France's Communist Party has chosen to risk destroying its strong prospect of getting into the next French government rather than make major sacrifices on ideology.

Friday's decision to temporaily suspend political cooperation with the larger Socialist Party implies that the Communists have turned away from the tempting vision of a leftist electoral victory next March and an immediate share of power. Instead they have evidently chosen a long-term strategy based on a return to more rigid Marxist doctrine.

If confirmed by a clear break with the Socialist the decision will have major consequences on efforts to develop a distinct and more democratic Western European brand of communism, generally known as Euro-communism.

A final rupture would undermine the compromise strategies of the Communist parties in Italy and Spain to form coalitions with non-Marxist political and social forces.It would also reinforce the position of Portugal's Socialist prime minister, Mario Soarcs, who has refused cooperation with his country's hardline Communist Party.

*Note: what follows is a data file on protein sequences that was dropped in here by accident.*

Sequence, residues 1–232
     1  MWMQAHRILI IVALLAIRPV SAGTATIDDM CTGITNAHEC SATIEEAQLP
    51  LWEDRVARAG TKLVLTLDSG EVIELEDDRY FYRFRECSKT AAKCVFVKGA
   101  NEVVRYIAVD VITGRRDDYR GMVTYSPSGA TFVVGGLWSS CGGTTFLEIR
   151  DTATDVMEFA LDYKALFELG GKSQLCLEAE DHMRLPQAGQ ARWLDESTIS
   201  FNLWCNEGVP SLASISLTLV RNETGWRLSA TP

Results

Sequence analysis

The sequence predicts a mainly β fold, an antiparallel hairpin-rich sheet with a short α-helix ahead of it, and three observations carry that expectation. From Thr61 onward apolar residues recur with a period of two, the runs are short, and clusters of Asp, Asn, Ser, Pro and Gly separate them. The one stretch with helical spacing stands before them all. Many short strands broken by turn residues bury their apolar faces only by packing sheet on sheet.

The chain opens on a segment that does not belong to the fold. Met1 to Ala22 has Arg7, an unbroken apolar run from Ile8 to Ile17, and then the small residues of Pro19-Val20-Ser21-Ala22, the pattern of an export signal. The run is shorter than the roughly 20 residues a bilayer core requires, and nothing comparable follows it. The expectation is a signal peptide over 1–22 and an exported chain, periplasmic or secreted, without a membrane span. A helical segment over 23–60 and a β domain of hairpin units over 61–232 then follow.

The consequence for France will, of course, be even more dramatic. The first step in a long-term bid by the Communists to regain their once dominant position on the French left will necessarily be an all-out effort to destroy the Socialists politically.

Moreover, the splitting of the left revives President Valery Giscard d'Estaing's quasi-covert hopes of forming a centrist-social democratic type of government for France. If the Socialists run alore and emerge as the largest single party in the National Assembly next March, the pressures on Giscard and Socialist leader Francois Mitterrand to make a deal that excludes the Communists and Gaullists from power will be intense.

All of this has not yet happened. The Communists Socialists and the minor party of left Radicals who have [TEXT OMITTED FROM SOURCE]